Vision Care

eGuide > Vision Care

Vision Care is the art and science of developing, enhancing and remediating visual abilities to achieve optimal visual performance, efficiency and comfort. In essence, it is a program of arranging conditions to permit a patient the opportunity to:

  • Help remediate existing vision problems
  • Enhance the efficiency and comfort of visual functioning
  • Aid in the proper development of visual abilities
  • Help prevent the development of vision problems

Vision Care is based on comprehensive analysis and diagnosis of the functioning of the visual system. It is an individualized program directed at treatment of specifically diagnosed vision conditions. The following are an integral part of the successful optometric treatment of the vision problem:

  • Lenses and Prisms
  • Nutrition
  • Specialized testing
  • Thorough therapies.

Because the program is individualized, the treatment parameters vary: the number of visits per week, the length of each office visit, the amount of home training and the total number of visits. The variations depend upon the nature and severity of the problem being treated and the needs of a patient.

Vision is the learned process of deriving meaning from what you see, beginning with light entering the eye. However, vision goes far beyond the simplistic concept of sight, measured in terms of visual acuity. Vision involves:

  • Fixation and eye movement
  • Convergence (eye aiming)
  • Binocularity (eye teaming)
  • Eye-hand coordination Accommodation (eye focusing)
  • Visual memory
  • Visual-spatial development and integration

Together, these components comprise a definition of vision that involves input, computing, output and feedback of the total action system of an individual.

Near/Far Sightedness Improvement

Dr. William Bates, an ophthalmologist in the early 1900′s, popularized the concept of “palming” and other relaxation exercises to strengthen the eyes and reduce dependency on eyeglasses.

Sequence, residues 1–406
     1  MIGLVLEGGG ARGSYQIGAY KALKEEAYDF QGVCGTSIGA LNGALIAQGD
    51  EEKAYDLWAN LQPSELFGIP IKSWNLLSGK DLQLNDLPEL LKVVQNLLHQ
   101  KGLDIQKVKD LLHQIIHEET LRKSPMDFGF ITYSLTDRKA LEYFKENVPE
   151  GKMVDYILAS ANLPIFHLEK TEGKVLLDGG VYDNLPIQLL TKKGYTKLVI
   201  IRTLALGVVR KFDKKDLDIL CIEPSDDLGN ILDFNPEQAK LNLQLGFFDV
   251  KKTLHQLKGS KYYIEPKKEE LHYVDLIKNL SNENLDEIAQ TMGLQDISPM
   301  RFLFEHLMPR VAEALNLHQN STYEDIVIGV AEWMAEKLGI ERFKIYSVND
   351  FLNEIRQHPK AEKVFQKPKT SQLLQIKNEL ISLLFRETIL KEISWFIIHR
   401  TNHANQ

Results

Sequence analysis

The idea that a one-inch letter needs to be seen clearly at twenty feet to define “normal” vision is somewhat arbitrary. Although people need to be able to visually function in their life, much of the life we lead in this period of history is related to near-point activities, such as reading and computer work. In many cases, it is this prolonged near activity that causes distance blur, eyestrain, headaches and other problems.

The eyes are biologically unsuited for the kinds of close work that modern life demands. Eyes are designed for three dimensional, fast moving, multi-focal viewing. However, computer screens, books, newspapers and other close tasks make your eyes focus at one distance in two dimensions only. Consequently, reading for long periods of time, sewing and other near work can cause varying intensities of strain on your eyes. This leads to an overall loss of vision fitness.

Holistic optometrists trained in this area will be able to restore vision fitness through: exercises, judicious use of glasses or contacts as vision fitness devices, stress reduction techniques, proper breathing, and psychological and nutritional counseling.

Source: Terence Trinka, OD.

Comments on Vision Therapy for Children

Jake’s mother has noticed marked improvements in him since he started Vision Therapy. He seems so much more confident in himself; he’s calmer and has a much nicer disposition. He appears content, not frustrated and agitated like he was previously. Jake says his reading is much easier, and his words are not crossing over each other. In addition, he can keep both eyes open while he’s reading.

Matt has shown improvement in reading and seems to be able to pay attention much better. It is easier for him to recall what he has read. His handwriting has improved, he takes more time, and he doesn’t fight so much when it comes to homework.

Matt is working very hard at writing and reading and is doing very well. He wrote a full page (typed) report; before therapy he could only write one-fourth page. He is reading books for his age (6th grade) instead of 4th grade and under. His teachers are very impressed with his improvement.

Source: Eva K Strube, OD

Chapter Sources: Roger T Dowis, OD, FCOVD and Cami Dowis, MeEd, COVTT, Boulder CO.

An exciting aspect of Complementary Vision Care is the possibility of preventing future vision problems that may come from current corrective systems by holistically improving your vision to the point of not requiring the corrective systems. – Publisher

See CompWellness Network Practitioners/Businesses with Vision Care as their primary modality.

Search the Members List for those practicing Vision Care.

Search this site for “Vision Care”

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